You are building your first house. So far you have poured the slab (which could have cost less if you had priced other companies), framed it up (which took a bit longer than expected since you ran out of lumber), and are ready to put on the shingles … Wait, what? I thought YOU were supposed to buy the nail gun???
While building your first house is a difficult project, it can be made simpler by breaking down the final product (a finished house) into a set of tasks (including gathering the materials, resources, knowledge) and clearly ordered steps of completion. How detailed a task list is can vary, depending on one’s knowledge of the subject and experience with the process of creating the final product. According to the Buck Institute for Education, “it is helpful to write out the tasks with enough specifics for you to identify any resources you may have to gather.” These resources may include skills, time, information, tools, materials, people, technology, etc. Anything you need to get the job done!
A task list not only needs to include tasks, but also a timeline. Set a date by which each task will be accomplished. This can often be an eye opener to the amount of time a project will take to complete, as well as the order for the tasks (you need to order lumber before you can build walls, but after determining the amount of lumber needed). These benchmarks will keep your project moving efficiently. While the order of tasks and amount of time needed for tasks may seem like a “no brainer” to some, to a novice these are essential pieces of information that cannot be overlooked!
Lastly, each task has to be assigned to the respective project member(s) who will be accomplishing it. There will be no progress if the project members don’t know who is supposed to do each task; and progress will be slower than anticipated if someone is working alone when, in fact, they should have been working together with help of other project members.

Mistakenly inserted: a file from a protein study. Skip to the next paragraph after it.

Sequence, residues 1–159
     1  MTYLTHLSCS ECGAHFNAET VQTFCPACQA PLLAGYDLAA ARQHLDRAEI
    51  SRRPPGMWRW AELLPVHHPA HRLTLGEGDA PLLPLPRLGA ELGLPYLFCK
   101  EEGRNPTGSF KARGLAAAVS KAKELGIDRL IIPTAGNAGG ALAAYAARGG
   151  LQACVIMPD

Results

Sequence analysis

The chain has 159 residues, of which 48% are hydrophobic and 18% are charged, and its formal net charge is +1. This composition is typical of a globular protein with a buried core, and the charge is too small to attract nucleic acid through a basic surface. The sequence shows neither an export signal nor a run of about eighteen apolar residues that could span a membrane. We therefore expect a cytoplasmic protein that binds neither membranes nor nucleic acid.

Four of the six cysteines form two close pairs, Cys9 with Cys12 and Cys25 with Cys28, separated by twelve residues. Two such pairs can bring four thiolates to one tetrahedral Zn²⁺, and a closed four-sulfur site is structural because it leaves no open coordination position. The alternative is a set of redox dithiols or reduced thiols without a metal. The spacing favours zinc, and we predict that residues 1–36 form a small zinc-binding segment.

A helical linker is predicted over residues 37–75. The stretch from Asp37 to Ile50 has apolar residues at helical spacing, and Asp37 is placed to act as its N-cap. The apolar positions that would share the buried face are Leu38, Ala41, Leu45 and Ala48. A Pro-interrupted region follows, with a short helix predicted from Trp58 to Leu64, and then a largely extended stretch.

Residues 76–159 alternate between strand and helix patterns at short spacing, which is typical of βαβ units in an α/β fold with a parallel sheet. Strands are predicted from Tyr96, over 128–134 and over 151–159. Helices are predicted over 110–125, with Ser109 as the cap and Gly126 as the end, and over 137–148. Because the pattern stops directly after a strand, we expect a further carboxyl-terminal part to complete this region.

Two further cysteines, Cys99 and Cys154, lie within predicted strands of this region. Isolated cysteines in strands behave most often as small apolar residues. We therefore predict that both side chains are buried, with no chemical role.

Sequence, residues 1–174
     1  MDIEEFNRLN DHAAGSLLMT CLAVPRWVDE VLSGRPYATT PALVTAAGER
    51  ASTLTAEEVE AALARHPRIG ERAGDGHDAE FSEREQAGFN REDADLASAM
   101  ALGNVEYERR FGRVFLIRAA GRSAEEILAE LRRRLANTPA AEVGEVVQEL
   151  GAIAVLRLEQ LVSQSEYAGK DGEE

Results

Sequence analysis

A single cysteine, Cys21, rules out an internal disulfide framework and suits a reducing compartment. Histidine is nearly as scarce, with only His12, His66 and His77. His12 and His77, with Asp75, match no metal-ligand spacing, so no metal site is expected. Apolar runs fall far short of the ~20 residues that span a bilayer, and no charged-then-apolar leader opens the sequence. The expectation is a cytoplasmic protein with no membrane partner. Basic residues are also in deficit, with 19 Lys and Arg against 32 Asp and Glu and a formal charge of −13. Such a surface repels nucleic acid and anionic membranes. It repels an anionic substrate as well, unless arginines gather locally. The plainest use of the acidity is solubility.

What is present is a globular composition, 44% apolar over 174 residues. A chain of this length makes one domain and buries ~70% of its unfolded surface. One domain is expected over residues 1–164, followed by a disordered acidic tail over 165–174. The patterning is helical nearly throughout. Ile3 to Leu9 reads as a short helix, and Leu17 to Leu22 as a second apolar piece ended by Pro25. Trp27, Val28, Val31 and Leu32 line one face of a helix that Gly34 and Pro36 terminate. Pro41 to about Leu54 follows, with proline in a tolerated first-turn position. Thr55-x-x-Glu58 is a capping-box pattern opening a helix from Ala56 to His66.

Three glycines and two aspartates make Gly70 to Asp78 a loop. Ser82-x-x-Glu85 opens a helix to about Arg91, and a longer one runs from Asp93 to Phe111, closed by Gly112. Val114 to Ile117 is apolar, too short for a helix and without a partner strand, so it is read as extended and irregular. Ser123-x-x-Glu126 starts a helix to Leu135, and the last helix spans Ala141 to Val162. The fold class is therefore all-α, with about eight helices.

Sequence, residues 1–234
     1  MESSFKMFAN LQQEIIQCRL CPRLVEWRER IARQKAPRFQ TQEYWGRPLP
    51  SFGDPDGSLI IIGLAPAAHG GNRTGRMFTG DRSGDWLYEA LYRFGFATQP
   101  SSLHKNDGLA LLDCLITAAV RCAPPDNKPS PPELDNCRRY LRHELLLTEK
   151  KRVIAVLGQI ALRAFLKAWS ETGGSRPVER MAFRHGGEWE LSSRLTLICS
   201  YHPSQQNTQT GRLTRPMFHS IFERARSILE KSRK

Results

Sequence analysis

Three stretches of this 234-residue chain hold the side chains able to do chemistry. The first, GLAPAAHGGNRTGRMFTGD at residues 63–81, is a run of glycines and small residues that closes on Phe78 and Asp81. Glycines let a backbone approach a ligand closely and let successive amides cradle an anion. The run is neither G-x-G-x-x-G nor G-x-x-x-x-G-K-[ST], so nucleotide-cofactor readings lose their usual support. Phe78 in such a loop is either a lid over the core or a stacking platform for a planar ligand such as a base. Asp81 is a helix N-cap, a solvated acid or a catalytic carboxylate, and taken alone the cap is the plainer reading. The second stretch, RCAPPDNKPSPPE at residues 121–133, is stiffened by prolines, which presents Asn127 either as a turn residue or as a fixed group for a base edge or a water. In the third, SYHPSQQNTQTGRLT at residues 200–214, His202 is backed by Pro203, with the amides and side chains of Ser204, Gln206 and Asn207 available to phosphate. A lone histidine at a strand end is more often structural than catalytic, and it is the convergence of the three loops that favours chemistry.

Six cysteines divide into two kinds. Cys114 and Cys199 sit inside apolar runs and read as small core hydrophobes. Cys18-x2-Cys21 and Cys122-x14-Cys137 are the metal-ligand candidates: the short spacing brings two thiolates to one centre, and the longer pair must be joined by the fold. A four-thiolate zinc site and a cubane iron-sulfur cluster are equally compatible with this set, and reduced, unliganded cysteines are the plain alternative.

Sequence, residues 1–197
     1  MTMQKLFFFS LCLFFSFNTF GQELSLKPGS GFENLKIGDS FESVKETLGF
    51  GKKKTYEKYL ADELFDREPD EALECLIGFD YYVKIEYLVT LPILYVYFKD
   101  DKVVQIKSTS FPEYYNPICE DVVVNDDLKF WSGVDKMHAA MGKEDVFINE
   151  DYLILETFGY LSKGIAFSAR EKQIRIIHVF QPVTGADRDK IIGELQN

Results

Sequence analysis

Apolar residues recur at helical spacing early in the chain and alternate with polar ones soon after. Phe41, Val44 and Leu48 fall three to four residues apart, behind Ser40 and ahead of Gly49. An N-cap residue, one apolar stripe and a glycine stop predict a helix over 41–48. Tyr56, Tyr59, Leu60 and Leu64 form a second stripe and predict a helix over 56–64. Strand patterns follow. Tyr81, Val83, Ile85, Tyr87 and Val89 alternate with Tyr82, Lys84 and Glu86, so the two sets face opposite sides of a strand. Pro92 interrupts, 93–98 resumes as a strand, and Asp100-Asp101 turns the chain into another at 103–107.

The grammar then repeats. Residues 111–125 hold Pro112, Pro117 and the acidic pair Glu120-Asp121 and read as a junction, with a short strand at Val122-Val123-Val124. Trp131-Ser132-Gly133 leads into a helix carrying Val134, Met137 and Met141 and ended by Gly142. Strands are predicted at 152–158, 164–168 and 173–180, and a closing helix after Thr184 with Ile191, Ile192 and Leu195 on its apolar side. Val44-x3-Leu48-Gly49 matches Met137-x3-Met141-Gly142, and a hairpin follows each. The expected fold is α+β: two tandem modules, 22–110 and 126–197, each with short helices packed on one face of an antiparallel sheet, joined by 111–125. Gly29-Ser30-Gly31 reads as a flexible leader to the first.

Now, here’s the best part…Project Foundry can help your students do all of this! Within most project request forms there is a Task prompt that allows users to create a list of tasks or to-dos for their project (if you don't see one, your Admin user can easily add one). Encourage and guide your students to create a list of skills, activities, resources, and time allotments that need to be achieved in order to create the product.
Once entered into the request form, Project Foundry will automatically keep users notified of upcoming tasks and benchmarks they set for themselves. Students can manage their tasks for all their projects simultaneously via the Tasks component on the student homepage.
Advisors can also see/manage all of a student's tasks via the advisor home page, as well as see project tasks for any given project.
During the completion of a project, the advisor role provides the functionality to verify the completion of tasks by students. This features is useful when a student has notified the advisor they're done with a task (the advisor can then verify the completion), as well as during a seminar or jointly-managed project to keep a group of students moving forward.
Lastly, we are aware that some projects bring unforeseen tasks. Project Foundry lets both students and advisors add tasks in the middle of projects, too!
What are your thoughts and ideas on how to use tasks to manage a project? Please share them with others who are, like you, helping students become successful project managers!